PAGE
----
I’m increasingly seeing a problem with how the media covers the crowdfunding space.
Rewards-based crowdfunding has resulted in the equivalent of a media gold rush. There are hundreds of topics to cover with more popping up every day. Project creators are anxious for press and usually pretty happy to give an exclusive to a larger media entity. Crowdfunding-related articles also tend to draw a lot of eyes. The public is clearly fascinated with the idea, and more and more people become aware of it every day.
However, the media needs to begin to cover campaigns on sites like Kickstarter and Indiegogo for what they are: early-stage ideas that can (and do) run into hurdles and even fail. No exceptions.
Instead, campaigns are often covered as a sure thing. It’s disingenuous, it puts the less informed members of the public at risk and it often makes the industry look bad. The only sure thing in rewards-based crowdfunding is a campaign that has already shipped rewards.
In fact, crowdfunding campaigns ship late all the time. Inevitably some also fail. None of this is the end of the world. It’s part of the entrepreneurial process. Rewards-based crowdfunding is a revolutionary way for the public to support the ideas they want to see come to market. It’s a good thing.
Having said that, you’ll often find that articles about crowdfunding offerings make no mention of risk at all. They often frame the offering as if it’s just e-commerce. “You just have to decide if you want to order yours early?” You also have to decide if yours will arrive, and when.
There is also the fact that failures are rarely covered, at least not with the zeal that current campaigns are. In fact, the recent Kobe beef jerky episode is one of the first times I’ve seen a widely-covered crowdfunding failure. Consider some of the early articles written about the campaign. It is a huge risk to the industry to have media outlets covering outright frauds in this rosy fashion.
Doesn’t journalism exist to surface the (sometimes ugly) truth? I’d argue that talking openly about crowdfunding failure better informs the public of how the space works and makes it clear for project creators that there are consequences to mismanaging a campaign. That isn’t to say that every failed project mandates a witch hunt. Take our recent article about the Levitatr failure. There’s no need to beat an entrepreneur when they’re down, but there are things to be learned too.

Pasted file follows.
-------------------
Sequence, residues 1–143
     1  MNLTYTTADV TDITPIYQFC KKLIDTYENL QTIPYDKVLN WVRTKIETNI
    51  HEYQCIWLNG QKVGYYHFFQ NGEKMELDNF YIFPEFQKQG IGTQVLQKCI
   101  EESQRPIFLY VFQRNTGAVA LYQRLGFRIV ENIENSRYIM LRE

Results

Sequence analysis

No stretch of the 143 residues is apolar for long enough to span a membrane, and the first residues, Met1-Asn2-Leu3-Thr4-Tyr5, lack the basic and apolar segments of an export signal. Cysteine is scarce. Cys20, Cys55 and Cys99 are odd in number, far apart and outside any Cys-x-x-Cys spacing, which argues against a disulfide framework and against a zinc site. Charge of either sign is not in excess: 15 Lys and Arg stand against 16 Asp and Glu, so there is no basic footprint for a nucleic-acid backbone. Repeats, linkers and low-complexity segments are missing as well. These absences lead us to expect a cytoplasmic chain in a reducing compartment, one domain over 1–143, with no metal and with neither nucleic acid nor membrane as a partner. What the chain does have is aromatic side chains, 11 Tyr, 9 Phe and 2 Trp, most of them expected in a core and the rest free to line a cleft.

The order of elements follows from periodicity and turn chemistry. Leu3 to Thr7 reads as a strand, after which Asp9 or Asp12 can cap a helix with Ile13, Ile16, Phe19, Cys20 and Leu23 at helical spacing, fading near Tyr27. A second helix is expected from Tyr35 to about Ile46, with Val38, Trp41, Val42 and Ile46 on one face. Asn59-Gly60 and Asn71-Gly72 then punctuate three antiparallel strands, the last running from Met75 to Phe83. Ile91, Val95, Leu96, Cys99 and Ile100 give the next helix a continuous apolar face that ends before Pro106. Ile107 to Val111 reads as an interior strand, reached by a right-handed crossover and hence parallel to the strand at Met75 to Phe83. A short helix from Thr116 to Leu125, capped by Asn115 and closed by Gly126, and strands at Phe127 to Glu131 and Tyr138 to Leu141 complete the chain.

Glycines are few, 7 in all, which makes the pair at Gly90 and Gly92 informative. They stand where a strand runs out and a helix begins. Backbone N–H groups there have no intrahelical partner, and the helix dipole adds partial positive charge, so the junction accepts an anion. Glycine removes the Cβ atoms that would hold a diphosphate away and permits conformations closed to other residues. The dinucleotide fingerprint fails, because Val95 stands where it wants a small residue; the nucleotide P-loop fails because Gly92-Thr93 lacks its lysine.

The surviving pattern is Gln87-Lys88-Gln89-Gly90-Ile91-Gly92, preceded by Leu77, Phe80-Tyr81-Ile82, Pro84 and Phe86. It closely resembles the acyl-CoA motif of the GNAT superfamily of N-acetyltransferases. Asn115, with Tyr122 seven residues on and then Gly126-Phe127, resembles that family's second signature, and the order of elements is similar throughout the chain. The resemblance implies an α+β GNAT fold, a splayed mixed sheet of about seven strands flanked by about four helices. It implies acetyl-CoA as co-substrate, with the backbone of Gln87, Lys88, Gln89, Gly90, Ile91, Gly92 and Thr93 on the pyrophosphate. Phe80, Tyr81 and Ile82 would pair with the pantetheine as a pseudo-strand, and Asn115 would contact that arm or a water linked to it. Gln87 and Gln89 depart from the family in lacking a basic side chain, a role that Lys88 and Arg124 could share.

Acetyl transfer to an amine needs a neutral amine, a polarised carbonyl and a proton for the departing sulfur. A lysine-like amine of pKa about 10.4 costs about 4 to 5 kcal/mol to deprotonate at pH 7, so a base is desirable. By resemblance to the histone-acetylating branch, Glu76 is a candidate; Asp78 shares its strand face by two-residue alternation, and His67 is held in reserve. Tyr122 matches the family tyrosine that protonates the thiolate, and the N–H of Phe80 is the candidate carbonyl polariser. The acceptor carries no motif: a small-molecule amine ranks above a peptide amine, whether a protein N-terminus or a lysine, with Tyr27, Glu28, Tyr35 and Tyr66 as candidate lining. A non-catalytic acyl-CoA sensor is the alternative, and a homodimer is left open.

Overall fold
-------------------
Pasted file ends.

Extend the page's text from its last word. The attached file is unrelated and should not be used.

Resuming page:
The media is all too happy to cover rewards-based crowdfunding campaigns as they’re seeking funding, but what happens when the projects ends? Backers are directed to these campaigns by the media during funding, but if a project goes toes-up backers often have a hard time getting the media to cover a failure. The failure isn’t as sexy as the launch. The problem is that the post-failure coverage can be pivotal in putting pressure on a project creator to increase transparency. It can also serve to inform the public about the risk of backing a project on sites like Kickstarter, spurring them to do more due diligence on project creators before pledging funds.
How do I know that the media is ignoring these backers? We’ve perhaps covered more crowdfunding failures than anyone, and after backers have been ignored by larger media outlets they come to us for coverage. They tell us who they’ve already reached out to, and often times these outlets were the ones that covered the failed campaign before things went sour.
The good news is it is an easy problem to fix. It’s all in semantics. Crowdfunding project creators are funding the promise of a product, not necessarily the product itself. They’re guaranteeing delivery, but delivery isn’t guaranteed. Meeting the funding goal isn’t the end goal of a campaign. Delivery is.
Is it splitting hairs? No. It’s being transparent and truthful, and in a space like this transparency is everything.